One man’s style

A stopover in Tokyo to meet Hiroki Naka­mura, founder of the Visvim la­bel.

VOGUE Hommes International (English) - - CONTENTS - By gildas s tewart Photographs ya­suyuki tak­agi

— “I’m not a de­signer. Just some guy who makes prod­ucts,” says Hiroki Naka­mura. Tokyo–born, with a pass­ing re­sem­blance to Johnny Depp, he wears his raven hair tied back and more of­ten than not hides his pierc­ing eyes be­hind dark lenses. The founder of the ul­tra–cov­eted Visvim brand takes a rad­i­cal view of fash­ion. After work­ing with sports­wear la­bels ( in­clud­ing Bur­ton, Kaws and Mas­ter­mind ), he set up Visvim to bring him­self closer to the au­then­tic feel he’d been search­ing for, in vain. Which style–wise puts him out there in a place of his own. “I like clothes and ac­ces­sories that age with me, that stay with me, and be­come even more in­ter­est­ing as they take on the patina of time.”

Preter­nat­u­ral qual­ity, the good sense to be prac­ti­cal, com­fort­able, sober and orig­i­nal, Hiroki Naka­mura’s non–fash­ion has at­tracted purists who, won over by his phi­los­o­phy, light a can­dle to Visvim from Tokyo to Paris, Los An­ge­les to London. Fea­tur­ing or­ganic–shaped shoes, chi­nos and fish­er­man’s over­alls in indigo, beige or char­coal, Bre­ton smocks in im­

One man’ S Style

“One word sums up my per­sonal style.

Style Free­dom.”

“Vir­tu­ally ev­ery­thing I wear is Visvim.

Ba­SicS In fact the rea­son I cre­ated my brand when I was 29 is be­cause I couldn’t find what I wanted else­where. Prod­ucts that look good and are made to last.”

“Again, some­thing from Visvim,

Red c aR­pet even though I don’t have a par­tic­u­lar ‘red car­pet’ style. Re­cently I wore one of our sheep­skin–lined coats, the Lhamo Robe. It’s in­spired by a Ti­betan robe.”

“None, in as much as I’m

OB­SeS­SiOn not ob­sessed with fash­ion. Again, I like wear­ing things I feel good in. It’s noth­ing to do with brand­ing or fash­ion. If I have to an­swer some­thing, then I sup­pose I’m ob­sessed with good, well–made prod­ucts. Prod­ucts that are made for a spe­cific pur­pose and have mean­ing. They have a soul, an au­then­tic feel.”

“I have some spe­cial jew

Jew­elleRy ellery pieces. Sev­eral neck­laces that my wife made from vin­tage turquoise beads, shells and an­tique glass trade beads. I also do have some an­tique sil­ver Navajo ban­gles.” mac­u­late white or sky–blue Ox­ford cloth, and patch­work T–shirts, his 2014 Spring / Sum­mer men’s col­lec­tion de­liv­ers the ba­sics of a wardrobe that will run and run, for a laid­back, low–pro­file, off­beat look. Based partly in Tokyo, partly in New York — he loves the city’s en­ergy and its mix of cul­tures which he soaks up as he cy­cles from Man­hat­tan to the Vil­lage — Hiroki Naka­mura de­signs his prod­ucts first and fore­most for him­self. “When I think up a piece of cloth­ing, I al­ways ask my­self, would I wear it? Would I feel good, would I feel happy, with this on my back? I need to feel an emo­tional tie with what I wear. That’s the acid test.”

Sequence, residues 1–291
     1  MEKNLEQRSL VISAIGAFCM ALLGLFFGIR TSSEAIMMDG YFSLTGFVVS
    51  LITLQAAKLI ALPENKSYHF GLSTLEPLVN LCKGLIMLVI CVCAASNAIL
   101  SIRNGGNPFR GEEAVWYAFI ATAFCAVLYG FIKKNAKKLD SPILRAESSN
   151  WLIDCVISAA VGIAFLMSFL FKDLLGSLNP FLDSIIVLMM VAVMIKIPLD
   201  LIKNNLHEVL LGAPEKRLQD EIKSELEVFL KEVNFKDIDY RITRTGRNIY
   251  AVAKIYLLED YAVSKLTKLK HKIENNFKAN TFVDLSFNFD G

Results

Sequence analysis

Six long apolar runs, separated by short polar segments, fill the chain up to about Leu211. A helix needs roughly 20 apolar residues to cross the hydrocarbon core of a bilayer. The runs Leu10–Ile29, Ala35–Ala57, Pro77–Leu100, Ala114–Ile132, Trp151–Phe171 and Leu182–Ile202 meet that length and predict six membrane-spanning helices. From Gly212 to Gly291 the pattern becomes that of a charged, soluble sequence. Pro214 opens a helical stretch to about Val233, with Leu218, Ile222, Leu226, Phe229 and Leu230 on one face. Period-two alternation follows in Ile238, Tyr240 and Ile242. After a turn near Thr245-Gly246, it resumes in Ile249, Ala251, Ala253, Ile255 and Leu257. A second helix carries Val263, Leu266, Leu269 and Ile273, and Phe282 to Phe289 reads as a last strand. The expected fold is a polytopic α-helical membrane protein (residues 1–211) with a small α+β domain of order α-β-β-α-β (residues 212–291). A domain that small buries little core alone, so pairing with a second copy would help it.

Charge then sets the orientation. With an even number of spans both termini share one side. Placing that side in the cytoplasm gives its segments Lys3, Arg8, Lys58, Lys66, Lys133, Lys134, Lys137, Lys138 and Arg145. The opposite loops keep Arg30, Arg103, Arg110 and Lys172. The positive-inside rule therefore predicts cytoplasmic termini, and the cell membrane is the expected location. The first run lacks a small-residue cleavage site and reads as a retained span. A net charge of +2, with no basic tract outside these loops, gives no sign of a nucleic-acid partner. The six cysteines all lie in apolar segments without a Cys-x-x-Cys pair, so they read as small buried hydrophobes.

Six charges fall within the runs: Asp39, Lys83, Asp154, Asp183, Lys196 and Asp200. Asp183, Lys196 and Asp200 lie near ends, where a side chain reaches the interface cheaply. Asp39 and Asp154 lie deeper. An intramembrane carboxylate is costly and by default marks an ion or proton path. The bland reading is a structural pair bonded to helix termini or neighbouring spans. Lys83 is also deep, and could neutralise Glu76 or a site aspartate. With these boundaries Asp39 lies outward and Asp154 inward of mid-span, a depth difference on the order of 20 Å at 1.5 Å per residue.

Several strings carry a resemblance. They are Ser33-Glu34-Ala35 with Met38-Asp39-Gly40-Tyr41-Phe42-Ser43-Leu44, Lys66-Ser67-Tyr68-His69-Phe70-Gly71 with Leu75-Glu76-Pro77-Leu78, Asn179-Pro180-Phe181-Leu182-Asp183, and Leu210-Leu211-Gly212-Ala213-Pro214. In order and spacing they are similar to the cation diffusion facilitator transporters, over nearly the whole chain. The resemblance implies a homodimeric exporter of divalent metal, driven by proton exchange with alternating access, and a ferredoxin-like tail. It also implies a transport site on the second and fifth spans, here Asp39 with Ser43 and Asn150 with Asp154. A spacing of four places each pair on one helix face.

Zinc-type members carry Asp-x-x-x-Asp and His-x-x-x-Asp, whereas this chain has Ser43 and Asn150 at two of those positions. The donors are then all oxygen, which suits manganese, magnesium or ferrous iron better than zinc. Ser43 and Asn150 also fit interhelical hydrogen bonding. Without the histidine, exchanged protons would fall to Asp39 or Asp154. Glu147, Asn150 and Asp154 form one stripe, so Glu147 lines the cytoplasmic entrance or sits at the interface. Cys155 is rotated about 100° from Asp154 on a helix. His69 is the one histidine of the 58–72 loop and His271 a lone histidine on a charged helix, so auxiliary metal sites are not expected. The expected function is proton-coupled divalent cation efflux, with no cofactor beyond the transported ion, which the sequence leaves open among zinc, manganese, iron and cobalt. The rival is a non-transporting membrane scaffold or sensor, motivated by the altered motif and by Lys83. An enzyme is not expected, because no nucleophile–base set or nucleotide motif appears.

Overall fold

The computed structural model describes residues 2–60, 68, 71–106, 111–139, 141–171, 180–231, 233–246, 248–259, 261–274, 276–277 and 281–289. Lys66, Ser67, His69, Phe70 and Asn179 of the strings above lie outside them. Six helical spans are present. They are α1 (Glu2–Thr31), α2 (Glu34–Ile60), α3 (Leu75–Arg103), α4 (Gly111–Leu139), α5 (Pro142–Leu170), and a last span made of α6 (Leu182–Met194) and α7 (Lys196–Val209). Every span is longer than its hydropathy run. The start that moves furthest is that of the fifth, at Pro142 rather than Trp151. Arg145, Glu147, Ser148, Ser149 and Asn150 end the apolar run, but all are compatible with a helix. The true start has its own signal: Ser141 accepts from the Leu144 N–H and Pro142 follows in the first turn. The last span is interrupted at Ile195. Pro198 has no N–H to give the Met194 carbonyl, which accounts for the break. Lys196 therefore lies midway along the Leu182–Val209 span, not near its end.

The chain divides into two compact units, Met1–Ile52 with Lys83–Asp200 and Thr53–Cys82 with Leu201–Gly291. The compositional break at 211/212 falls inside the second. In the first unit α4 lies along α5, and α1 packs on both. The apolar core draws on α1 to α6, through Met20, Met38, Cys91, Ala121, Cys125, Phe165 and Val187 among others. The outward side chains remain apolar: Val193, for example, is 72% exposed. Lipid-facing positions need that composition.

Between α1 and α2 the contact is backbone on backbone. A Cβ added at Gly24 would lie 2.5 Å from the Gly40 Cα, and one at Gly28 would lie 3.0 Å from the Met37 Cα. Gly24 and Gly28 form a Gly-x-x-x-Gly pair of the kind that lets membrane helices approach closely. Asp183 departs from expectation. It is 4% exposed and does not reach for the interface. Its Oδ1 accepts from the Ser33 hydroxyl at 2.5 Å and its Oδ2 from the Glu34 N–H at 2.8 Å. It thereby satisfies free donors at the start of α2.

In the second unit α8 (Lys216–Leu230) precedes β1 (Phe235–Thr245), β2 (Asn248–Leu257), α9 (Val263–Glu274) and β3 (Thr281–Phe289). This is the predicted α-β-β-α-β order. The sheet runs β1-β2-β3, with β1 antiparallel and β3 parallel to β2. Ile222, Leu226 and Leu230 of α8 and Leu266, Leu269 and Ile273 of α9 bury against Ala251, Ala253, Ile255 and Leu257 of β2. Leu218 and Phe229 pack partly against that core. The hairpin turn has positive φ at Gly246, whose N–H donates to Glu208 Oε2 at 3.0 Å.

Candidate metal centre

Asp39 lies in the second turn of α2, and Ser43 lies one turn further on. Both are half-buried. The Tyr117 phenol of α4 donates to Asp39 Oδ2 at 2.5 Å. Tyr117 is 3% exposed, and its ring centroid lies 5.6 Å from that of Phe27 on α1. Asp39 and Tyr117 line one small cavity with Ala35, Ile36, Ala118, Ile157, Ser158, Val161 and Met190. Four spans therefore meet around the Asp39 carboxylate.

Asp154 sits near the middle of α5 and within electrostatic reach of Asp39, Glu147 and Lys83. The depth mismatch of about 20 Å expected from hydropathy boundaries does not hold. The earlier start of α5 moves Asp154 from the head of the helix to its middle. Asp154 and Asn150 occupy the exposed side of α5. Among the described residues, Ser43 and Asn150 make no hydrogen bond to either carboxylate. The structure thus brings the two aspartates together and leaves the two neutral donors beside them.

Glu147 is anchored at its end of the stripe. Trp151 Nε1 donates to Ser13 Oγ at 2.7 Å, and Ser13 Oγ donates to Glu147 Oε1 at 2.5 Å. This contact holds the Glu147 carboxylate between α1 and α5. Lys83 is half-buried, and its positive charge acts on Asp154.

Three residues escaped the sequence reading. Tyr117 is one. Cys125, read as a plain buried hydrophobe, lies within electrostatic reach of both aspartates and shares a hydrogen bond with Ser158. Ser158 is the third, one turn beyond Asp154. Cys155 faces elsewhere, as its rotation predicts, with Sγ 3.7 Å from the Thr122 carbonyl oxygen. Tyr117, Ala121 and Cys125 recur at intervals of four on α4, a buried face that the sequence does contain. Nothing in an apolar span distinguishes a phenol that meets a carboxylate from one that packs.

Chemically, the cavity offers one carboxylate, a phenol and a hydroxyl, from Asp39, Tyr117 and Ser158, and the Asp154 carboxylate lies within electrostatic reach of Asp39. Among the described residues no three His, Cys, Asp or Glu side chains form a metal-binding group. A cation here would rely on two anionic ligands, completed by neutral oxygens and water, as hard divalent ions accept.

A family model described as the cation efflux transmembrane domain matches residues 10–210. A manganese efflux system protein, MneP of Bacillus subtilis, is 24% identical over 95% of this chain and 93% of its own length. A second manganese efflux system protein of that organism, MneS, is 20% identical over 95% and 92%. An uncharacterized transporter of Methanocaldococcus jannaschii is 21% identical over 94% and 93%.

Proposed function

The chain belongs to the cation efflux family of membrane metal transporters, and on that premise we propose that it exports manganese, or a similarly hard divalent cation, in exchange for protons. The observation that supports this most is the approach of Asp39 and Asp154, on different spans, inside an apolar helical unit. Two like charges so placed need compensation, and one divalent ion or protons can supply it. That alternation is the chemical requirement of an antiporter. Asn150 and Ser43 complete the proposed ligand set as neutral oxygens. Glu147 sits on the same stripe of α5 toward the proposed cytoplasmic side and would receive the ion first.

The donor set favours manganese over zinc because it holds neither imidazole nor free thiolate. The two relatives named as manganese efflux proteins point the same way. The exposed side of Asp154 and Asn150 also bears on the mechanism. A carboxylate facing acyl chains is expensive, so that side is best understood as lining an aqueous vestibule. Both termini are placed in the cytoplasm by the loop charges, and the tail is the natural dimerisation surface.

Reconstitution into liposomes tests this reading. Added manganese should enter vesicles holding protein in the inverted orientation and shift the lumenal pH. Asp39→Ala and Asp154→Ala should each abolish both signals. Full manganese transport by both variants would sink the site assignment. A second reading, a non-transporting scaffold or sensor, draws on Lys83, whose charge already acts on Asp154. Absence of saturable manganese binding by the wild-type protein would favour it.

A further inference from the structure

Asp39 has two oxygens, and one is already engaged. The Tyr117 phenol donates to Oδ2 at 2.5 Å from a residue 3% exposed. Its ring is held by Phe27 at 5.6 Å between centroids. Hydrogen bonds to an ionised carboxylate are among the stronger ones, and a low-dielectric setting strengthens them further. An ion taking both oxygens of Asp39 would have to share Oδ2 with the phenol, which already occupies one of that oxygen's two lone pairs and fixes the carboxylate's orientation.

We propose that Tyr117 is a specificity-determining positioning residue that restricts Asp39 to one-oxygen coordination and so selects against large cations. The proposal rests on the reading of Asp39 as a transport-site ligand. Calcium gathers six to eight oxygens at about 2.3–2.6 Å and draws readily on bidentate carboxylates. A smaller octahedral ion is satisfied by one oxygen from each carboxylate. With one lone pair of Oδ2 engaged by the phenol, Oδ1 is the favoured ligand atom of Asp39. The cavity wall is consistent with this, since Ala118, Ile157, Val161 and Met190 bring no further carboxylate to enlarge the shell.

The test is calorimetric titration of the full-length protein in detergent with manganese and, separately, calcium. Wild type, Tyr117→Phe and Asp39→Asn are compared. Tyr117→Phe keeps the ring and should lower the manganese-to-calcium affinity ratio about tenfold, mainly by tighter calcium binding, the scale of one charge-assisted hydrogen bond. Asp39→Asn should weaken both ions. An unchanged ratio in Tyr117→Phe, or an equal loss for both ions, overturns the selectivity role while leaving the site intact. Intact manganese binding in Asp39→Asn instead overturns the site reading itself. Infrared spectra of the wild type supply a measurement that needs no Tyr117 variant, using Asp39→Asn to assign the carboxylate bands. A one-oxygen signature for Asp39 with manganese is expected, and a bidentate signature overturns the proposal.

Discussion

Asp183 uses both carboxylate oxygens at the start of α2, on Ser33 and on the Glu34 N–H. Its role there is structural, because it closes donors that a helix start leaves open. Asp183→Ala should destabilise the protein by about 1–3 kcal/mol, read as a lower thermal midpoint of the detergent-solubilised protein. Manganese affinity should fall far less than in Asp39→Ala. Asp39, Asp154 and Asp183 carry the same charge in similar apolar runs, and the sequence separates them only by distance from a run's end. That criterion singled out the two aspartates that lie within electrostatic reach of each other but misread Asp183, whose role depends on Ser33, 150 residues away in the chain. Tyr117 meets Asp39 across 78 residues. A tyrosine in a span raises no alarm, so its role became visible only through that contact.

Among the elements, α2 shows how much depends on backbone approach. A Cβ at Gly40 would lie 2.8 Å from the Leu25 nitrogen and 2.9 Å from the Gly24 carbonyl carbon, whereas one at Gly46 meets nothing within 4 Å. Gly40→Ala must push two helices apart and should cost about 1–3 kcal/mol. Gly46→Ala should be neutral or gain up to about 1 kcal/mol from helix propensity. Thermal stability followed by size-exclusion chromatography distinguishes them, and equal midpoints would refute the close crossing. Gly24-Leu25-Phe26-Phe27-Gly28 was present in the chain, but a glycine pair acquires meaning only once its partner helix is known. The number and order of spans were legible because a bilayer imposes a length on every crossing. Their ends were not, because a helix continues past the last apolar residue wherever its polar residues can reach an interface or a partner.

“I’m not ob­sessed with fash­ion. Again, I like wear­ing things I feel good in.

It’s noth­ing to do with brand­ing or fash­ion.”

“I’m a huge fan of vin­tage.

Vin­taGe All my de­signs are to do with vin­tage be­cause I ex­pect them to tell a story. Ev­ery coun­try or cul­ture has its own vin­tage. We’re lucky be­cause to­day it’s so much eas­ier to travel and ac­tu­ally ex­pe­ri­ence th­ese dif­fer­ent cul­tures and the ob­jects they use. For ex­am­ple, a park ranger showed me how te­pees were made from buf­falo hide sewn to­gether with the sinew. It was fas­ci­nat­ing.”

“I al­ways use the same bag, made from

BaG veg­etable–tanned deer hide which has been mud–dyed. It’s like a medicine bag. What­ever I need goes in there, like a big wal­let. It’s my every­day bag.”

“I al­ways travel with my gui­tar. I

traVel spend a lot of time wait­ing be­tween planes at air­ports, and play­ing an in­stru­ment is like med­i­ta­tion. It calms my nerves and clears my

head. Slows things down a bit.”

“I travel too

Groom­inG much to have a par­tic­u­lar rou­tine, but I do al­ways have scis­sors with me to trim my beard. Oth­er­wise I don’t use any par­tic­u­lar groom­ing prod­uct, although I occa- sion­ally con­di­tion my hair with olive oil. I don’t have an ex­er­cise rou­tine ei­ther, just some stretch­ing ev­ery day.”

“I re­frain from red meat and

Diet poul­try. And I don’t drink or smoke.” lux­ury. “To be true to your­self.”

the heiGht o f

“I try to see a boy. What Do you see in the mir­ror?

My­self from child­hood.”


“All my de­signs are to do with vin­tage be­cause

I ex­pect them to tell a story.”

Hiroki Naka­mura is his brand’s num­ber– one

fan and am­bas­sador. He wears his own de­signs in

every­day life.

Hiroki Naka­mura

The de­signer in his Tokyo work­shop

and show­room. He is wear­ing neck­laces

which his wife made from vin­tage turquoise beads and a va­ri­ety

of shells.

Hiroki Naka­mura never trav­els any­where

with­out his gui­tar ( top left ). Play­ing an

in­stru­ment is the best means of es­cape. The de­signer strad­dles an orig­i­nal “In­dian

Chief” to ply the streets of Tokyo.

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